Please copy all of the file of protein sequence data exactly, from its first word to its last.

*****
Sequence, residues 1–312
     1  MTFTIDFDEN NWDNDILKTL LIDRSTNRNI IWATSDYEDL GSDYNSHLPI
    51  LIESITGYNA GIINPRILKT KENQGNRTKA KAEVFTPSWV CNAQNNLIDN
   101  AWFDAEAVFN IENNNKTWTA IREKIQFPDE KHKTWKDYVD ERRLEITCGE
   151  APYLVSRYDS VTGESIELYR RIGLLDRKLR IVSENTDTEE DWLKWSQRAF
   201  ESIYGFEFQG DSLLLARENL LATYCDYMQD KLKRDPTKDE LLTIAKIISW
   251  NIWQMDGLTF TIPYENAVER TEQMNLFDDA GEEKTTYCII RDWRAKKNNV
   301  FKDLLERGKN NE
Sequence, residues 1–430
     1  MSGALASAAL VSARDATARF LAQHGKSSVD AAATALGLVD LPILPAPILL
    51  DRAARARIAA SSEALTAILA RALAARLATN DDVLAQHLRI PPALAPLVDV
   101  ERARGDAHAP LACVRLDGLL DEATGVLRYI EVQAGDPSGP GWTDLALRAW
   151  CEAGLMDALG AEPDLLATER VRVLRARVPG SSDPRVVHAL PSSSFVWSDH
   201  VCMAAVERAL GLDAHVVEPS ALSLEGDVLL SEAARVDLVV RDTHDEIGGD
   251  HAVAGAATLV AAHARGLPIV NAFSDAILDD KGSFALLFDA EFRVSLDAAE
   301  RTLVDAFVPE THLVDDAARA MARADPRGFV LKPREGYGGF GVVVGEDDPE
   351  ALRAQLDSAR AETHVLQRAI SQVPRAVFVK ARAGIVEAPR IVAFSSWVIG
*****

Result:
Sequence, residues 1–312
     1  MTFTIDFDEN NWDNDILKTL LIDRSTNRNI IWATSDYEDL GSDYNSHLPI
    51  LIESITGYNA GIINPRILKT KENQGNRTKA KAEVFTPSWV CNAQNNLIDN
   101  AWFDAEAVFN IENNNKTWTA IREKIQFPDE KHKTWKDYVD ERRLEITCGE
   151  APYLVSRYDS VTGESIELYR RIGLLDRKLR IVSENTDTEE DWLKWSQRAF
   201  ESIYGFEFQG DSLLLARENL LATYCDYMQD KLKRDPTKDE LLTIAKIISW
   251  NIWQMDGLTF TIPYENAVER TEQMNLFDDA GEEKTTYCII RDWRAKKNNV
   301  FKDLLERGKN NE
Sequence, residues 1–430
     1  MSGALASAAL VSARDATARF LAQHGKSSVD AAATALGLVD LPILPAPILL
    51  DRAARARIAA SSEALTAILA RALAARLATN DDVLAQHLRI PPALAPLVDV
   101  ERARGDAHAP LACVRLDGLL DEATGVLRYI EVQAGDPSGP GWTDLALRAW
   151  CEAGLMDALG AEPDLLATER VRVLRARVPG SSDPRVVHAL PSSSFVWSDH
   201  VCMAAVERAL GLDAHVVEPS ALSLEGDVLL SEAARVDLVV RDTHDEIGGD
   251  HAVAGAATLV AAHARGLPIV NAFSDAILDD KGSFALLFDA EFRVSLDAAE
   301  RTLVDAFVPE THLVDDAARA MARADPRGFV LKPREGYGGF GVVVGEDDPE
   351  ALRAQLDSAR AETHVLQRAI SQVPRAVFVK ARAGIVEAPR IVAFSSWVIG